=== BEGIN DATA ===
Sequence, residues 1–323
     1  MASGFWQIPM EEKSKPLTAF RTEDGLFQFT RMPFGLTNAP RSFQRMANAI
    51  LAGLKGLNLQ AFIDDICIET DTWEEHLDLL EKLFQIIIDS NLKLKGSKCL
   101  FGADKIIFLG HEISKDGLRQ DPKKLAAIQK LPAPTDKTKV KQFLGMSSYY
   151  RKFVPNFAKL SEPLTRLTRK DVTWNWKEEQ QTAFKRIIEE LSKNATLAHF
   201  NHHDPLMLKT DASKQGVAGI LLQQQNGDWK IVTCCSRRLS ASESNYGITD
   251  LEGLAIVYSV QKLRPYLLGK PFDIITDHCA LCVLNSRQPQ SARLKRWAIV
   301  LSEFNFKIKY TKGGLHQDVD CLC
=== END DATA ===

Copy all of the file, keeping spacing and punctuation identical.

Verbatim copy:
Sequence, residues 1–323
     1  MASGFWQIPM EEKSKPLTAF RTEDGLFQFT RMPFGLTNAP RSFQRMANAI
    51  LAGLKGLNLQ AFIDDICIET DTWEEHLDLL EKLFQIIIDS NLKLKGSKCL
   101  FGADKIIFLG HEISKDGLRQ DPKKLAAIQK LPAPTDKTKV KQFLGMSSYY
   151  RKFVPNFAKL SEPLTRLTRK DVTWNWKEEQ QTAFKRIIEE LSKNATLAHF
   201  NHHDPLMLKT DASKQGVAGI LLQQQNGDWK IVTCCSRRLS ASESNYGITD
   251  LEGLAIVYSV QKLRPYLLGK PFDIITDHCA LCVLNSRQPQ SARLKRWAIV
   301  LSEFNFKIKY TKGGLHQDVD CLC